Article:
“Our native woods are too scarce and too valuable, to degrade them to wasteful and unlovely uses.”
Paraphrasing Gustav Stickley,
“The Destruction of American Forests,” The Craftsman, November 1909
I am a “tree hugger” and a “tree hugger” will I always be.
As a child my friends and I climbed trees; with hammer and bent nails building rickety platforms on the sturdy branches of oak trees, so that we, along with our squirrel friends and the birds, could watch the world from on high. Thus we knew what eagles saw as they soared among the clouds.
As the father of two wonderful children, I lovingly planted trees, one for each, and watched them grow tall and strong.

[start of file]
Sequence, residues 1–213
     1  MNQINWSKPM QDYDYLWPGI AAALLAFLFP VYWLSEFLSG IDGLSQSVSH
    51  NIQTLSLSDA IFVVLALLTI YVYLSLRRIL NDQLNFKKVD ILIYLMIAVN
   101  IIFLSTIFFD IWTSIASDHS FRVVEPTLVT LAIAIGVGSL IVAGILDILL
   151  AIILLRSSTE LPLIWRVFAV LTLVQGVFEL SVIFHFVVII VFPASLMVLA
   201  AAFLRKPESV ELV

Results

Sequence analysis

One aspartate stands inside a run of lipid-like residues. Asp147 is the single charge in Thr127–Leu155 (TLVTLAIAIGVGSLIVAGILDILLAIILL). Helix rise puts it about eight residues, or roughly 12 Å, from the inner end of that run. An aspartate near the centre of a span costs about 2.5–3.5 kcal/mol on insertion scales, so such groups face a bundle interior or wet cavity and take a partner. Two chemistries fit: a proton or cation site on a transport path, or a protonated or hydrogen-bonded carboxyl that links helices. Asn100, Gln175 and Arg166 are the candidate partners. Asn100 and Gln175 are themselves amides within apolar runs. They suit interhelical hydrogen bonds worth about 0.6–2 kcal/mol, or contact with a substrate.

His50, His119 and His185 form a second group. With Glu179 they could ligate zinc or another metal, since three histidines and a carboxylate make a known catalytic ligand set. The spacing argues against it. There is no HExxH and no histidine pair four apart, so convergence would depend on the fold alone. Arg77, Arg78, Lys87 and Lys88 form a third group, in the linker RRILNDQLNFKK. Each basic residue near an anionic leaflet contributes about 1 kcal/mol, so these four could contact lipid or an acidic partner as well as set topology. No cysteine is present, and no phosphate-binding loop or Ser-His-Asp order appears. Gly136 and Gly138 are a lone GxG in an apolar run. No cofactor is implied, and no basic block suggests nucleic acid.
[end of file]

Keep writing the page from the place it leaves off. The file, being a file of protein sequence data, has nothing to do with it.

I am a tree hugger.
I am an unabashed wanderer like Robert Frost or Thoreau. One who loves to walk in the woodlands, who loves to watch the trees in spring turn green, and spot the lovely dogwood flowers white and pink. In summer, to lay beside the river stream beneath the shady sycamore and elm, and in the fall to stroll the mountainside of America’s parks in awe of colors red, yellow, and gold from the maple and cherry trees.
Do not despair that winter steals Nature’s leaves and leaves the branches bare, for the pine and the cedar will forever be evergreen.
Good news to all my fellow arborists, the North American hardwoods that come from Appalachian and Adirondack forests are growing considerably faster than they are being harvested. So much so that the American timberlands that stretch from Kentucky to Maine have doubled in volume.
Good news for wanderers like me.
“In life,” Gustav Stickley observed, “beauty and satisfaction are borne of economy.” Thus a walk in the park is good enough for me.